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Brake discs, also called Brake rotors, are one of the most essential components of a car. If they are lipped and have grooves or cracks, it would directly impact your braking and driving experience.
I have defined brake disc (rotors) lipping and have also explained what causes it, how it impacts braking, and what to do if your discs are lipped.
Meaning of “Brake Discs Are Lipped”?
If your brake discs (rotors) are worn out, they are most likely to have a lip on the edges. This lip can be felt when you trace the disc (rotor) to its outermost edge. New discs are perfectly flat, but the brake pads do not contact the entire surface of the disc, and when the pads wear the disc down, they leave a lip on the perimeter.
Issues caused by lipped Discs (Rotors)
As mentioned before, lipped discs can cause several issues impacting your driving experience and braking performance. Below, I have mentioned some of the most common ones.
Keep in mind a lot of the problems are not directly caused by the lip that is developed on the edges but instead by other defects such as disc grooves. For example, If your discs are lipped, they are worn out and most probably have uneven wear.
Wobbling and Vibrations:The most common issue that you are going to face is wobbling and vibrations while braking at high speed. The car feels like it’s shaking, and the steering wheel wobbles until the pedal is released.
Reduced Braking Performance: These brake discs can even cause longer braking distance, which is quite unsafe.
What causes lipped Discs (Rotors)? And how to avoid it?
As mentioned before, new discs are perfectly flat, but the brake pads do not contact the entire surface of the disc, and when the pads wear the disc down, they leave a lip on the perimeter.
So, it’s evident that most discs will have a lip once they are worn out. But the way I apply brake matters a lot. I personally drive fast and slightly aggressively, so it’s obvious I brake hard, too; due to this, my brake discs developed a noticeable lip at only about 4970 miles (8000 km), and I had them replaced along with new pads (it’s highly recommended to use new pads with new discs).
So, for a better disc life span, be a little gentle on the brake pedal and avoid driving aggressively so you only brake when it’s required.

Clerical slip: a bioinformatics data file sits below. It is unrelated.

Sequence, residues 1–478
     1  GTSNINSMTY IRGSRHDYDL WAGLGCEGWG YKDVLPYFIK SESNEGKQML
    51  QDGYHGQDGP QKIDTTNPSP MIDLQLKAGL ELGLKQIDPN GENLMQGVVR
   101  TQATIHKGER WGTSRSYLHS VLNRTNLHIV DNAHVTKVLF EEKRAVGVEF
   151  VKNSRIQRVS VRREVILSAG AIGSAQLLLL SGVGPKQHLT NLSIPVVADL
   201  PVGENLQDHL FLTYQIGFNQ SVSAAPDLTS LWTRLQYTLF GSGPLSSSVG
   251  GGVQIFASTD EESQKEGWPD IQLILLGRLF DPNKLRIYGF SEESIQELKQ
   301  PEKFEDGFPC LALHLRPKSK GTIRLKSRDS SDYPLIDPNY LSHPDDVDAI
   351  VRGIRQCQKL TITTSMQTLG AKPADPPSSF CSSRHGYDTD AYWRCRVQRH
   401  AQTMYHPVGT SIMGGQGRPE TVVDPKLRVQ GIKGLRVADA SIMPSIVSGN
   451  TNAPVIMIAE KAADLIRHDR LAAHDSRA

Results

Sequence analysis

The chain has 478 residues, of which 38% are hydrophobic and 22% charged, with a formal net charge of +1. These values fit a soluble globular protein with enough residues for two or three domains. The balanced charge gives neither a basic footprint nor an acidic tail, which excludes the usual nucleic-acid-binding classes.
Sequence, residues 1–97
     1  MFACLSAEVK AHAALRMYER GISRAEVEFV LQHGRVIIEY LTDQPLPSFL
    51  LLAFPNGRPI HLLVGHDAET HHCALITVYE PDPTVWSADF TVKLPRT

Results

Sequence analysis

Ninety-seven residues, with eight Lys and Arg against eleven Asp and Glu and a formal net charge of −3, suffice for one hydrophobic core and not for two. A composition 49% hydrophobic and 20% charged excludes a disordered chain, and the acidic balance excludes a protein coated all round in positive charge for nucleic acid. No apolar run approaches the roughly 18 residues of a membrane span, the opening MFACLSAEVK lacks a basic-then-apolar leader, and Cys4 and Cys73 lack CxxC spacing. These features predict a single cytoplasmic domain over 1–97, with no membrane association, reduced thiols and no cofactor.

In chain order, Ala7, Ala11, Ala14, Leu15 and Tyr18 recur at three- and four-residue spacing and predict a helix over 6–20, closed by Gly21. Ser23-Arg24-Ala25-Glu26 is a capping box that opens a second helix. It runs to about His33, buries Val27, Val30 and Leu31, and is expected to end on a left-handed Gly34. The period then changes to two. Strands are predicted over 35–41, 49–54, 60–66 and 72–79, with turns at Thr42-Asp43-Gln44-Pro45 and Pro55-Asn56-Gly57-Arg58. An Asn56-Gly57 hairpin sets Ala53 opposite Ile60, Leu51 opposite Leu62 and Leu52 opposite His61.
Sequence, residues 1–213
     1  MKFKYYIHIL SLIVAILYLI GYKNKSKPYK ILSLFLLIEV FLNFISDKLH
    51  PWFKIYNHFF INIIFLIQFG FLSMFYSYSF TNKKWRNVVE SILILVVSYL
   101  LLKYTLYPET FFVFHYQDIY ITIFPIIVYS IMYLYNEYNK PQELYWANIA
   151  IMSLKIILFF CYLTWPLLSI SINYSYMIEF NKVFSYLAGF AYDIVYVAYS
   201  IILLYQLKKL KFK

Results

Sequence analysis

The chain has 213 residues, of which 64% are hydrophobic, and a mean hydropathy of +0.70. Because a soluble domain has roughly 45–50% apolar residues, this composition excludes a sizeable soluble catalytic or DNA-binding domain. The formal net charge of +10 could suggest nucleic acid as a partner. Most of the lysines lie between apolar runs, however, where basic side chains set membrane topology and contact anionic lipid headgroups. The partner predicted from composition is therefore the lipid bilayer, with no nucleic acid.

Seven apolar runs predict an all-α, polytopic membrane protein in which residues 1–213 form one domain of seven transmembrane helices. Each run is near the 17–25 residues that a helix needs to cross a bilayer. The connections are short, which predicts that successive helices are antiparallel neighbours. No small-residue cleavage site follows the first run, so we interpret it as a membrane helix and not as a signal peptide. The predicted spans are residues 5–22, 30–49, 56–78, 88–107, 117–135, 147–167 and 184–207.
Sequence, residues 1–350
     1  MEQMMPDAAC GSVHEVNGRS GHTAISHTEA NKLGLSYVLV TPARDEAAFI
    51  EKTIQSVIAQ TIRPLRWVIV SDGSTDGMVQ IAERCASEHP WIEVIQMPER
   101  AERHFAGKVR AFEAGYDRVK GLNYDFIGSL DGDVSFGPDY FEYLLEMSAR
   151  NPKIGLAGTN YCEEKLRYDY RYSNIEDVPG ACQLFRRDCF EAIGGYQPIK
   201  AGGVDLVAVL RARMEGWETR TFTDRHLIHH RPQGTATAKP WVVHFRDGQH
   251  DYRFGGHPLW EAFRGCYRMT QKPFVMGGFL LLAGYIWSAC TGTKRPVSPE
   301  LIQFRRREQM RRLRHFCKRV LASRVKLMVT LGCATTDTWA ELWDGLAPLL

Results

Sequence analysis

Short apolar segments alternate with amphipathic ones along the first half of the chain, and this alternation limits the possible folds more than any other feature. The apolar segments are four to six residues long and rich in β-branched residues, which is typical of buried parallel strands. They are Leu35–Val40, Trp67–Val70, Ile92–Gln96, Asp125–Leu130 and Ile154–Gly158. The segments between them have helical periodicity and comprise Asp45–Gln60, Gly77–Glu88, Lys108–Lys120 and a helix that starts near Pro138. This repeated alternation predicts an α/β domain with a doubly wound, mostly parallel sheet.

What to do if you have lipped Discs (Rotors)?
Resurface: Brake discs can be resurfaced on a lathe machine, but it is more complex than it sounds. Resurfacing reduces the thickness of the discs, so you would need an expert who can make sure only a minor layer is removed. Most manufacturers provide a minimum thickness of a rotor mentioned on the rotor. For example, if a rotor has to be a minimum 1.5 mm thick, ‘Min.TH=1.5’ will be mentioned on it.
Replace: Replacing the rotors is easy but can be expensive.
I prefer replacing instead of resurfacing, but it’s totally up to your preference.
When is the right time to replace brake Discs (Rotors)
Brake discs are one of the most critical components and should not be neglected. It’s important to know when to replace them.
Replacing brake discs depends on the condition of the discs and the manufacturer’s recommendations, too. Below, I’ve outlined specific scenarios that necessitate disc replacement.
1) Thickness: As mentioned before, most manufacturers provide a minimum thickness of a rotor mentioned on the rotor. For example, if a rotor has to be a minimum 1.5 mm thick, ‘Min.TH=1.5’ will be mentioned on it. You can measure the thickness with a micrometer or take it to a mechanic who can measure it.
2) Scoring or Grooving: Scoring or grooving that can be felt using the bare fingers can be evident that your discs need to be replaced. Grooving often causes the car to wobble while braking, which is not a pleasant experience at all.
3) Cracks: This is one of the most apparent signs that your discs need to be replaced. Excessive heat weakens the discs, and they end up cracking. They should not be neglected for obvious reasons.
4) Warping: The discs can be warped due to excessive heat caused by heavy braking or cheap brake pads. Disc warping is not as common as lipping or grooving, but if yours are warped, immediately replace them because, apart from vibrations or pulsations when braking, warped discs can fail catastrophically. Also, warped rotors increase the stopping distance, which could cause an accident.
5) Manufacturer Recommendations: There should be a minimum thickness mentioned on the disc itself. If there is not, go through the owner’s manual to figure out what it is. If your owner’s manual does not have this information, you should visit the official service center.
6) Rust and Corrosion: Minor rust on discs is normal, especially if your car is parked for a while or right after rain; that thin layer of rust goes away as you drive the car for a bit and engage the brakes. However, excessive rust is not normal and can stay even after you have driven the car and applied brakes; it clearly indicates that you need new discs.
Other things to keep an eye on
If you notice reduced braking performance, such as longer stopping distances, squeaking sound while braking, etc make sure you have the brakes inspected by a professional.
What to do if you cannot inspect your brakes on your own?
If you are a rookie who has no idea what to do. It’s better to take the vehicle to someone who can do it for you. I prefer taking my car only to the authorized service center, especially if it’s new (due to warranty).
Are brake Discs (Rotors) covered under warranty?
No, most manufacturers do not cover discs under warranty because it’s a wear and tear part, just like the clutch plates. But if your car is brand new, some companies may cover the cost under warranty or discount you either because of a manufacturing fault or as a goodwill gesture.